Personal MBA

I've long been interested in pursuing an MBA. I majored in Computer Science and Mathematics in college, and was a class short of getting a minor in Writing. Despite my love of business, I didn't take a business class (unless you count Intro to Economics). I had wanted to focus on the classes that counted towards my major and figured business classes could wait until an MBA program, if that was in my future.

My interest in an MBA was fueled when I had the opportunity to be a part of the Maynard Media Academy while I worked at the Star. It was a two week management training program held at Harvard University. As part of the program, we had the privilege of being taught several classes by Harvard MBA professors. We even had to read some of the case studies assigned as homework in the real MBA classes. Despite the stigma of homework, I enjoyed reading the case studies, and enjoyed even more the time spent in class discussing them with the MBA professors.

An MBA might still be in my future, but unfortunately starting a new business means that it won't happen soon. It's hard to justify the expense during a period when cash flow is crucial. It's even harder to justify the time when I could spend those hours building the business.

A few months ago I ran across mention of The Personal MBA, which is essentially a reading list to "substantially increase your knowledge of business on your own time and with little cost, all without setting foot inside a classroom." The idea intrigued me. I don't think that reading 40+ books would replace the classroom experience of an MBA program, but I think there is some truth to the fact that one can learn much of the material through an informal process.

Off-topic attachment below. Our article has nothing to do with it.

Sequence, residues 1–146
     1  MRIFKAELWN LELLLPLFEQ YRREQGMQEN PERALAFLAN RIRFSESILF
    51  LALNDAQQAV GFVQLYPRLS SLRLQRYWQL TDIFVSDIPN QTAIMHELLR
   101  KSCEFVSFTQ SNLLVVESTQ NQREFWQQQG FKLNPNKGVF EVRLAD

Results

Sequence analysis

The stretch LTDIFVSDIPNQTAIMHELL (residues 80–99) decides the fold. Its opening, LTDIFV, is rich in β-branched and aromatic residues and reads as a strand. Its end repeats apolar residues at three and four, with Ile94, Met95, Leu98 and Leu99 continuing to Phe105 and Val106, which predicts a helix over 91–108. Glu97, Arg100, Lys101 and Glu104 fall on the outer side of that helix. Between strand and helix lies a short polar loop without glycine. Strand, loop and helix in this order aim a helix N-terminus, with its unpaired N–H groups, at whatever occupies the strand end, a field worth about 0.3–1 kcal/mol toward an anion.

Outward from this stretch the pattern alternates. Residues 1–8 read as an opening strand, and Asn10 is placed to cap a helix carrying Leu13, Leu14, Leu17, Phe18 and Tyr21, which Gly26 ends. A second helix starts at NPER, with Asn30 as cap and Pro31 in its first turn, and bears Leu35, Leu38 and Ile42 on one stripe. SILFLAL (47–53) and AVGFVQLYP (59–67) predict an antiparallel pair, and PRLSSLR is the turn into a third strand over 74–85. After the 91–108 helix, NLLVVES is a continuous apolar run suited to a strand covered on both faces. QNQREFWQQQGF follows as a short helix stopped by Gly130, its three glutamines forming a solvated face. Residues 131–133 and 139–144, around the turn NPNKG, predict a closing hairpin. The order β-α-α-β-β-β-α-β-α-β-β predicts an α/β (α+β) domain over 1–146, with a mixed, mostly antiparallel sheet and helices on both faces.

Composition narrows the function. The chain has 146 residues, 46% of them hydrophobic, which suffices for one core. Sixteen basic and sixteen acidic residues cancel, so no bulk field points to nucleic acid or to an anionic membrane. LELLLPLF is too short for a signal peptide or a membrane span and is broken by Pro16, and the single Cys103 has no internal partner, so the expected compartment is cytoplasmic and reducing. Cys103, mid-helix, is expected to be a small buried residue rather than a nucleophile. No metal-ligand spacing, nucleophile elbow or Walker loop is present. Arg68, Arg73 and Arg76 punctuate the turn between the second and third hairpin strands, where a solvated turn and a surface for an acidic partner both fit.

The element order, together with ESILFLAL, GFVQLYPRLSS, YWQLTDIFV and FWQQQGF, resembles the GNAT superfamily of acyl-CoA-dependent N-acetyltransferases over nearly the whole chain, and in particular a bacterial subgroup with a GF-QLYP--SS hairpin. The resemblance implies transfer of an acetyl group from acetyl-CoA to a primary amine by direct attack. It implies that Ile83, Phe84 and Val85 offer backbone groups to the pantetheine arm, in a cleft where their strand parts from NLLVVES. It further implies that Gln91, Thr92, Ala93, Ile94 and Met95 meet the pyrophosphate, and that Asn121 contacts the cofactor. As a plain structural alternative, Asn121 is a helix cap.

I love the quote on the site from Good Will Hunting where Matt Damon's character states:

"You wasted $150,000 on an education you coulda got for a buck fifty in late charges at the public library."

As I thought about it some more, I realized that the MBA degree doesn't mean a lot to me. I won't get a raise or a promotion as a result of another degree, and it probably wouldn't help in acquiring new customers either. I'm most interested in the education, and using that to grow as a person and build a better business.

While I voraciously read business articles and websites, it's not often that I sit down to read a business book. I know that I would find value out of reading more often, so I decided this week to commit to reading everything on the Personal MBA list — even ones that sound boring, like Essentials of Accounting.

I already started by reading Art of the Start, by Guy Kawasaki and found it to be a pretty great read. I'm looking forward to the next 40.

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